Monday, May 26, 2014

The Origin of Banana Republics

Even Where Democracy Once Reigned
    Meet Orville Lee Wollard. Even if you were an expert at using the Google search engine, you would have a hard time finding a more decent, passive, crime-free, successful person than Mr. Wollard. He has a Masters degree and was a highly respected college professor. He is now 58-years-old and has served six years of a mandatory-without-parole 20-year sentence in a Florida prison. If he survives, he will be 73 when his sentence is completed. I understand that you probably are not interested in Mr. Wollard's problems. However, if you are interested in the preservation of democracy, I believe you should research how Mr. Wollard was criminalized by a Florida judicial system that is famed for not criminalizing renowned criminals, especially when the issue involves Cuba. After your research, I believe you would conclude that Mr. Wollard should have been praised and given a medal for performing a deed on behalf of his family that got him a compulsory 20-year prison sentence in Florida, a state that, since the triumph of the Cuban Revolution in 1959, has, in many discernible respects, more resembled a Banana Republic than the Banana Republics created in the 20th century.
    This is Mr. Wollard and the family that he defended so heroically. {NOTE: He was asleep in bed recovering from surgery when he was awakened by his older daughter and informed that his younger daughter, 16, was being loudly and brutally assaulted in her bedroom by a young man who was 17 and was known to be "violent" and a "drug user." He got his very legal pistol, entered the bedroom, and when the young man came at him with clinched fist, he fired one harmless warning shot into the wall, chasing off the attacker. Two months later, instead of being awarded a medal for defending his daughter, he was sentenced to 20 years in a Florida prison without the possibility of paroleTo comprehend his predicament, "Orville Lee Wollard" is how you should begin your Google search, not because you care a whit about him or his family but because you care about yourself, your family, and maybe even democracy. The comprehension of Mr. Wollard's plight should include a basic understanding of what the term "Banana Republic" means, starting with how the American democracy gave birth to them.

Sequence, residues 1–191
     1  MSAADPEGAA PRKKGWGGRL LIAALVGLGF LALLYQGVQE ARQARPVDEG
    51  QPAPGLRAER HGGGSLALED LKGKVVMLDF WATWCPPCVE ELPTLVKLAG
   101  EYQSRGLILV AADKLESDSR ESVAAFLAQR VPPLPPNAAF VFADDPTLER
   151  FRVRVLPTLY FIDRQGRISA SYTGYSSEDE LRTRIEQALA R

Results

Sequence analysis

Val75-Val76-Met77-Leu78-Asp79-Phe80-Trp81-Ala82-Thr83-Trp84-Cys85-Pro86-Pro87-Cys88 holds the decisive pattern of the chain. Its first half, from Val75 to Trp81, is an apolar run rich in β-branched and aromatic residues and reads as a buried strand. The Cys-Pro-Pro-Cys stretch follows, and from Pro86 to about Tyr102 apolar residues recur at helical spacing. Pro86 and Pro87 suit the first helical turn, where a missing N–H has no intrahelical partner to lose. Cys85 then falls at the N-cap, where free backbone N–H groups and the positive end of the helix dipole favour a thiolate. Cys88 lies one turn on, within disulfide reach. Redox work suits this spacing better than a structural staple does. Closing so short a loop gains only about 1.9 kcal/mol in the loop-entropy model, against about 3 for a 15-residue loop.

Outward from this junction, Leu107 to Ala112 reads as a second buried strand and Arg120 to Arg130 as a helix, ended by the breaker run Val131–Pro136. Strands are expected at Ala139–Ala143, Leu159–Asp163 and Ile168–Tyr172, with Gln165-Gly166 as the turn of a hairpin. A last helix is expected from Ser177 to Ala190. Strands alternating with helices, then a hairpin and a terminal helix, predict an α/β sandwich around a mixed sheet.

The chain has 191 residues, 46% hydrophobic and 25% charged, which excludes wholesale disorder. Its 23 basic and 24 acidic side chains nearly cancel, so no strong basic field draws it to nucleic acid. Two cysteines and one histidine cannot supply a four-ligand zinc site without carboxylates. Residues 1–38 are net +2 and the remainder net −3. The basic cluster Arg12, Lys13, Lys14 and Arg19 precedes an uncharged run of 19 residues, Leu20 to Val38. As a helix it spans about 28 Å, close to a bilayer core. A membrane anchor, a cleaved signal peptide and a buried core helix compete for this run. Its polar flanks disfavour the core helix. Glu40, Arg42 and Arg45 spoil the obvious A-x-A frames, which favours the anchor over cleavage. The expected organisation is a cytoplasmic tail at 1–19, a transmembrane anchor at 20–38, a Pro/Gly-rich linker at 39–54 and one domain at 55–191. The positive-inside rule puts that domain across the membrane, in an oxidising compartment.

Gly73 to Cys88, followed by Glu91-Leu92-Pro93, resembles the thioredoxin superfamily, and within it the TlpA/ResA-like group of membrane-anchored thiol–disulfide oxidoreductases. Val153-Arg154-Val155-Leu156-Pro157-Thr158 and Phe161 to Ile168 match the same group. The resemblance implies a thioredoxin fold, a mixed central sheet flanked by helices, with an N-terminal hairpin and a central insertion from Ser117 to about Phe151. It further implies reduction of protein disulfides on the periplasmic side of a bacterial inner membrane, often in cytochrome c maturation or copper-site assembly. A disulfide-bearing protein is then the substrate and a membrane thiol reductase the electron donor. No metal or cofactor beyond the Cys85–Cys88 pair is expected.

Judge for yourself whether or not South Florida resembles a Banana Republic.
       This graphic makes the point that Banana Republics were created in the Caribbean and Latin America by rich American businessmen who had the military and financial support of the U. S. government. The strategy was to install their own military strongmen in helpless and poor nations that were blessed with coveted natural resources that could be siphoned off. Andrew W. Pearson's Boston Fruit Company pioneered the practice and by 1929 it had evolved into the United Fruit Company that owned or controlled 650,000 acres in Honduras, plus the country's railroads and ports. Indigenous Hondurans were utilized in slave-like conditions till they revolted in 1932. That's when U. S. troops were used to back up the foreign fruit barons. By the 1950s, World War II hero Dwight Eisenhower, a good man, was U. S. President. But Ike was old, tired, and very malleable. Ike's key aides -- especially John Foster Dulles {Secretary of State}, Allen Dulles {CIA Director} and Henry Cabot Lodge {key adviser} -- had financial interests in the United Fruit Company as well as dire influence over the U. S. military and the U. S. treasury. Ed Whitman, the United Fruit Company's primary PR man, was married to Ann Whitman, Ike's personal secretary. With those connections, the United Fruit Company had no trouble getting the ubiquitous help from the U. S. military and the U. S. treasury to support pillaging helpless nations. It was as easy as taking candy from a baby.